McAuley freshmen fight against damage fine

Freshman students who live in the south wing of the third floor of McAuley Hall are still dealing with a flooding incident that occurred on Feb. 13.

The flooding occurred after someone clogged the sinks with paper towels and left the water running.

A few days after this incident, the hall director and resident assistants (RAs) asked the residents to bring forward any information regarding who was responsible. The residents were warned they may be charged if no one spoke up, according to Assistant Director of Residence Life and Student Conduct Jessica Provenzano.

Since no one came forward with information, the residents of the wing were each charged $30. The students were billed on March 16, which was during the second week of spring term.

“The decision to fine the students is a mutual decision between housekeeping, maintenance and residence life,” said Provenzano. “The actual cost of the fine and what it covered was to pay for the outside contractor that was hired to come in and extract the water from the carpet.”

Despite being warned of a fine, the students were not notified they were actually being charged.

“The only reason I found out was when I went to financial services and they said there was a $30 charge,” freshman David Bott said. “My RA didn’t even know. So if they are going to fine us, they might have the decency to let us know they officially will be, instead of just placing it on our bill.”

Provenzano cited the student handbook as justification for the fine.

According to the handbook, “Damage done to common areas (lounges, stairwells, etc.) is assessed to the smallest, most likely group of residents possible when it cannot be determined who caused the damage. Damage in a residence will be assessed equally to all occupants unless a statement is received by the Residence Life Office indicating who is accepting responsibility.”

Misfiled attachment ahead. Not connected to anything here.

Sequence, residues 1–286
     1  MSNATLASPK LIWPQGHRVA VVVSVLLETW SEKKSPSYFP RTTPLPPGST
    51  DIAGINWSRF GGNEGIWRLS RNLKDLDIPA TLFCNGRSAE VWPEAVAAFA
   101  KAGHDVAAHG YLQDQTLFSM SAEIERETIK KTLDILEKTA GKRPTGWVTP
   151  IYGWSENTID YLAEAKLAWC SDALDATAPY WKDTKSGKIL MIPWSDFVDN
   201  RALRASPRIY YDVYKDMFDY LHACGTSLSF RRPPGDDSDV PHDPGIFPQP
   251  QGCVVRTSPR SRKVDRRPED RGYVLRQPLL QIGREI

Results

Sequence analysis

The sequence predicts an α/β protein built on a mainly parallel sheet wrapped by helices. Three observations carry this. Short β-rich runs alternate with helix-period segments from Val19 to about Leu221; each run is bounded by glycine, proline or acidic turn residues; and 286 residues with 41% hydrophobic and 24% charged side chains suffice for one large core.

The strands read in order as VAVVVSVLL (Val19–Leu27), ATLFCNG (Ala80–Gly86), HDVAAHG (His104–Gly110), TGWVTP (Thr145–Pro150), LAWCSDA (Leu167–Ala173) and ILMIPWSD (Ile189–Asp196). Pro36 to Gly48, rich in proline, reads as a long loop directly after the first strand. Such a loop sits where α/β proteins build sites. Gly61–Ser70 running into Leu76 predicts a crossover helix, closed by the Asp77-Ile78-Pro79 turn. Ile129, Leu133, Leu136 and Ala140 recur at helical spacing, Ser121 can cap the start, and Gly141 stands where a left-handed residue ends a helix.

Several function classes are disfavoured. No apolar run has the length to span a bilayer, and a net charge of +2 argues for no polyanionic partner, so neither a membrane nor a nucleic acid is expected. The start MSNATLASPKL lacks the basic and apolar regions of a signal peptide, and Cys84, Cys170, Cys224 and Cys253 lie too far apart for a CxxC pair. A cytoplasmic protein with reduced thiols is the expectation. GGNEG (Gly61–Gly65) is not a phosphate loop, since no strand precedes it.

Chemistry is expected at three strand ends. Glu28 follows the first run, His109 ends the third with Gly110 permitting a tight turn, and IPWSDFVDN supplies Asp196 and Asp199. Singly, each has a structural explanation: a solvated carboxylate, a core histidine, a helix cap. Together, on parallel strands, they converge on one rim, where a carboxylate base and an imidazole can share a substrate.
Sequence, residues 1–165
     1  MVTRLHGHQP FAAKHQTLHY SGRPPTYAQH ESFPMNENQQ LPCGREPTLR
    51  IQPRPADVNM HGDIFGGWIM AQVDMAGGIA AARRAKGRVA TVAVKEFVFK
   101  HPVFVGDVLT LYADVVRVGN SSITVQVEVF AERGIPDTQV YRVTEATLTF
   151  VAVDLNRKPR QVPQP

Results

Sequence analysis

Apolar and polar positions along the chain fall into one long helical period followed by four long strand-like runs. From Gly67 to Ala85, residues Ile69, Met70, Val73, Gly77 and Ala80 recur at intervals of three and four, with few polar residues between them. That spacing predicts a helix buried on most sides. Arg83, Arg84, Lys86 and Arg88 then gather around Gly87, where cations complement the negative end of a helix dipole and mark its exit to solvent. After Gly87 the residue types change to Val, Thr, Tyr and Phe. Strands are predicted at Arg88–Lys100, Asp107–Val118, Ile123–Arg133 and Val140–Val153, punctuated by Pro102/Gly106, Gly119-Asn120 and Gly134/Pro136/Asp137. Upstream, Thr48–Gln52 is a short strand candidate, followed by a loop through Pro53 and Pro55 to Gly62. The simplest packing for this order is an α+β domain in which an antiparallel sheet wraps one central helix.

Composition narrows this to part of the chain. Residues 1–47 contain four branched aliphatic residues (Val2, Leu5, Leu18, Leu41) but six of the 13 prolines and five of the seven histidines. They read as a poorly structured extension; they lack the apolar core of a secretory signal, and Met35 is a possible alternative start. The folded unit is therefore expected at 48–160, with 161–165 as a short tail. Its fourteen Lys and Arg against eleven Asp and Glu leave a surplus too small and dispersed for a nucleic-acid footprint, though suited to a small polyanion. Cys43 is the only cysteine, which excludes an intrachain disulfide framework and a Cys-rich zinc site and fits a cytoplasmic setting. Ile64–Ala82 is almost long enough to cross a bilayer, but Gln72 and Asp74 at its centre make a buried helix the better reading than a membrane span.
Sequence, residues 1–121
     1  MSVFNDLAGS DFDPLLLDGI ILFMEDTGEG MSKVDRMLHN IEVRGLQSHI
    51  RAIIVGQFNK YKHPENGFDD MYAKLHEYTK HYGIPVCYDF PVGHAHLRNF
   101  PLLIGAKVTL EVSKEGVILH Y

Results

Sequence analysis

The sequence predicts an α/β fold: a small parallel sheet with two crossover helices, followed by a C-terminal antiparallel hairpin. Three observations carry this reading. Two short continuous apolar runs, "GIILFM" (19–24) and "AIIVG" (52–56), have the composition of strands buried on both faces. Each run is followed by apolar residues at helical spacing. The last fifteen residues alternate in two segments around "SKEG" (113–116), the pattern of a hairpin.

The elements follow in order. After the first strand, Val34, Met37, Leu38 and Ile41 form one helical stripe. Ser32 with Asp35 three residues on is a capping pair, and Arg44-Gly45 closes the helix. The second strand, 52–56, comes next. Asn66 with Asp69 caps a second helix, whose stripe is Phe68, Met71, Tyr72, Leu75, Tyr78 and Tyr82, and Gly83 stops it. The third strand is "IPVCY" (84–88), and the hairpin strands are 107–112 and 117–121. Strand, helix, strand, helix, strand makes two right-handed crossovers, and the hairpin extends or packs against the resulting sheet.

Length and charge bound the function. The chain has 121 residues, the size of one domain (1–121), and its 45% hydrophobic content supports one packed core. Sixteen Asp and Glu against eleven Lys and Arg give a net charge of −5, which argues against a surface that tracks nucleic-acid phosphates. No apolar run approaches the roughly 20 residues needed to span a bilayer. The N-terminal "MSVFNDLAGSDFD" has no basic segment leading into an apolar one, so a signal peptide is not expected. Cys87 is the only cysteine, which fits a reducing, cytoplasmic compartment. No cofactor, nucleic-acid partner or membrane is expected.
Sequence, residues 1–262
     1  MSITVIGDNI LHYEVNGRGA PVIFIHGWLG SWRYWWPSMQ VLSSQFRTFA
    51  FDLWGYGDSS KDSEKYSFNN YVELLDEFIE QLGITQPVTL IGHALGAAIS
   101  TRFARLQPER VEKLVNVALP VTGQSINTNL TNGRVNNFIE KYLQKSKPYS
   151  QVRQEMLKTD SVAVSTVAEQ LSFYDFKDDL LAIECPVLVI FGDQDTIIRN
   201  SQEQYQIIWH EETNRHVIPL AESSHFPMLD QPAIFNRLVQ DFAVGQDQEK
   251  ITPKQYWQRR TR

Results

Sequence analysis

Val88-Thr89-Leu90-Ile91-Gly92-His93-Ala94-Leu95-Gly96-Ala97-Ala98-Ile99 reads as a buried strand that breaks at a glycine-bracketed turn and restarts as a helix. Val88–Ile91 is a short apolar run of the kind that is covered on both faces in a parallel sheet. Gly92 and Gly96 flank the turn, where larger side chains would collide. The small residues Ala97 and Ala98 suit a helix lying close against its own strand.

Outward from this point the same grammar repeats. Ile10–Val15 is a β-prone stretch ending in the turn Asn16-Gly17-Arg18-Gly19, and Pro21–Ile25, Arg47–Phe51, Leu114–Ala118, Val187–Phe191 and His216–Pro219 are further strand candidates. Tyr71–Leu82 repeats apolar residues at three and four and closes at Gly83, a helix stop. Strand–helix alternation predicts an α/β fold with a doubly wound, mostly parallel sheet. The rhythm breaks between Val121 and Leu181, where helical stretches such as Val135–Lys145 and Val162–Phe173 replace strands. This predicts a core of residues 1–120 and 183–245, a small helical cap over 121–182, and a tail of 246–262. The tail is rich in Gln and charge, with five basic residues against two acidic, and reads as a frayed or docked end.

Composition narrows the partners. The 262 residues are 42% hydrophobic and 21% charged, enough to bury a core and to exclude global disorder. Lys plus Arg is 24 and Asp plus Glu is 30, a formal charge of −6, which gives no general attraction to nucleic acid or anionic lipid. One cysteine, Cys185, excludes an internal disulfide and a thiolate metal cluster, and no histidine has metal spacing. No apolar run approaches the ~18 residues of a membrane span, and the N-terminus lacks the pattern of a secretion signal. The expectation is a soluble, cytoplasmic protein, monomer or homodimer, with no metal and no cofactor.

“When students sign their housing contract they agree to this,” Provenzano said.

The freshmen who are being fined have an issue with being classified as the “most likely group of residents.”

“I don’t understand why we would be charged for something we clearly have no benefit of doing,” freshman Eric Pelosi said.

Bott questioned why his wing has to pay when these residents are the ones who had to clean up the flooding.

“There doesn’t seem to be much reason as to why they chose to fine us for the flooding,” said Bott. “We were the ones who had to deal with the flooding the most, as our hallway and some of the rooms were flooded. When it happened, we were the ones who cleaned up most of it, with the help from some other kids on other floors.”

“We do not know who did it, so it’s unfair to punish the floor because we may all be innocent,” Bott said.

Freshman Brett Ambrose was in Pittsburgh during the incident, but he is being fined the $30 as well.

Provenzano said she was not aware students were out of town when the flooding occurred.

Because the freshmen think they are being punished unfairly, Pelosi wrote a petition appealing the fine. Nineteen freshmen from the south wing signed it.

One student refused. He is the only one who paid the fine.

“I took the initiative of starting the petition,” said Pelosi. “We were upset about being charged $30 for something we didn’t do.”

Pelosi gave the petition to a secretary in Residence Life on April 6 because Provenzano was out of town. No one has since contacted him about it.

“A decision has not yet been made on what will happen with the fine, which is why a response has not been granted yet,” Provenzano said.

If a decision is not made soon, the freshmen who have not paid will not be permitted to register for fall term classes.